Throw a celestial crystal with a purity of 100% in the pool. To get one of these, go through the process manually: you only need to do it once.

Make a variable from the ‘entities’ aspect of the reader. This will be of list type. Make an integer variable from the len of that list. Make a constant variable 1. Make a boolean variable that is true when the list length > 1. Put this in the ‘pick up all item entities’ aspect of the world item importer. Set the channel to 1 (or 2, that also works). The rate does not matter, because each crystal counts as its own stack.

The result is that the crystal in the pool will be grown, the starlight replenished as needed, and when a new crystal buds off, it will be put in the chest on channel 1.

Growing the crystals

Make another pool. This one needs a world fluid exporter exporting starlight from channel 0, an entity reader, a world item exporter, and two world item importers.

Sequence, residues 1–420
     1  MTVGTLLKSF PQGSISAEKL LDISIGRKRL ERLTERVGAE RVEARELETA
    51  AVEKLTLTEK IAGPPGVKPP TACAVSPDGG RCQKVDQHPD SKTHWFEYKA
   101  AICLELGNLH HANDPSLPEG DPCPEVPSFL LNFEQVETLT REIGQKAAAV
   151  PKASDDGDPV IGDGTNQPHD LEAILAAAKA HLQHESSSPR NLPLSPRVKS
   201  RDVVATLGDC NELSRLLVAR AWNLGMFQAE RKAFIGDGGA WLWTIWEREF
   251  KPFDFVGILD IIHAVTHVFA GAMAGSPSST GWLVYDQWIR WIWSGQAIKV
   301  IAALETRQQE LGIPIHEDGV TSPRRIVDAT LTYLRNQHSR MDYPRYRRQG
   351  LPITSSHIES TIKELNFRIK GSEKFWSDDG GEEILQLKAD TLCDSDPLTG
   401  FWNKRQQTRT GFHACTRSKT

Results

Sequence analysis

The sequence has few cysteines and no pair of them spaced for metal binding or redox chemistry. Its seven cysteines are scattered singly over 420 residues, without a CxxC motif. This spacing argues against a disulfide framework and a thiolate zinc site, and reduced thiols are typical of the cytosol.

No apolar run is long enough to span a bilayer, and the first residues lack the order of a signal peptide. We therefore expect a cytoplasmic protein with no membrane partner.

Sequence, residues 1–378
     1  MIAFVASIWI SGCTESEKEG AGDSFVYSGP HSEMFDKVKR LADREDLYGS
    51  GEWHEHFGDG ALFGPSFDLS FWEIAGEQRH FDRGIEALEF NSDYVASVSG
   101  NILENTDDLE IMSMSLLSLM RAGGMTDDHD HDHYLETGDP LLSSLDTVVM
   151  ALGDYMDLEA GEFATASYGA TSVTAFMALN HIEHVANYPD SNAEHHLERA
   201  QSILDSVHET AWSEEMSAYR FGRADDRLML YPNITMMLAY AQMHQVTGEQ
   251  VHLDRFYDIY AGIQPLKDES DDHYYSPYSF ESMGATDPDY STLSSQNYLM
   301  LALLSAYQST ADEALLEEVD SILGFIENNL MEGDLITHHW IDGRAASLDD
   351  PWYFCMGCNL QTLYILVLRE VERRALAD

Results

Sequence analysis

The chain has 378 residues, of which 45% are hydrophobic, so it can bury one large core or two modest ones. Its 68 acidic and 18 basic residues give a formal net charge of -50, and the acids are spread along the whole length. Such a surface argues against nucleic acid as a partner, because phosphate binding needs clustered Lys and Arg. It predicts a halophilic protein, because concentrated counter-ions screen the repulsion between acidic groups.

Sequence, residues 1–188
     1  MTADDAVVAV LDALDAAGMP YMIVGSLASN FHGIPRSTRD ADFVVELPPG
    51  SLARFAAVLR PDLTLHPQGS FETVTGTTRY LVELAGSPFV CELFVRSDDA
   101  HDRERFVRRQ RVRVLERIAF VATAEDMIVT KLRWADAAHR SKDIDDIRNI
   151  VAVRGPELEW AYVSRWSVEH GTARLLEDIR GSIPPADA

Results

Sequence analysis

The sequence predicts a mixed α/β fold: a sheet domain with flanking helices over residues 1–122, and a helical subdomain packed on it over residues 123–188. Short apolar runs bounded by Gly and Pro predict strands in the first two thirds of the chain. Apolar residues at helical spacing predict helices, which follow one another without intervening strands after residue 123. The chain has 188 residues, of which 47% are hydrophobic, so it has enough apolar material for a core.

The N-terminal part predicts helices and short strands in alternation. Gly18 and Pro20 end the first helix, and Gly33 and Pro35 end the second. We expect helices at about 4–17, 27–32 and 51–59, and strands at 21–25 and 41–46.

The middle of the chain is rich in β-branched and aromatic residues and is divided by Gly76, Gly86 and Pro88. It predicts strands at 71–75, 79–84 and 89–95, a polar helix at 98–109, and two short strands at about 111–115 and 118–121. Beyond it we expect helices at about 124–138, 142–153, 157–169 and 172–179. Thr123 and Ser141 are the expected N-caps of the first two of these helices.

As with the budding-off pool, read the entities aspect to get a list variable and use the ‘is empty’ list operator to get a boolean variable (easier than len()==0). This goes in the ‘place all item entities’ aspect of the world item exporter, which must get its items from channel 1. The effect of this is that it will pick out a crystal from the ‘needing to be grown’ chest whenever there is no crystal in the pool.

And now it gets a little complicated. 🙂

Take a variable off the ‘entity’ aspect of the reader. Make a variable entity off this using ‘entity NBT’, to give an NBT object. Create String variables with the strings ‘Item’, ‘tag’, ‘astralsorcery’, ‘crystalProperties’, ‘size’, and ‘collectiveCapability’. These are probably case sensitive.

Using the NBT.tag function, create a series of variables drilling down the NBT tree -> ‘Item’, ‘tag’, astralsorcery’, ‘crystalProperties’, then on that final NBT create two integer variables using NBT.integer for ‘size’ and ‘collectiveCapability’. Use your labeller. In my setup, I label the ‘collectiveCapability’ variable to ‘cut’, and the ‘size’ variable to ‘size’, duh.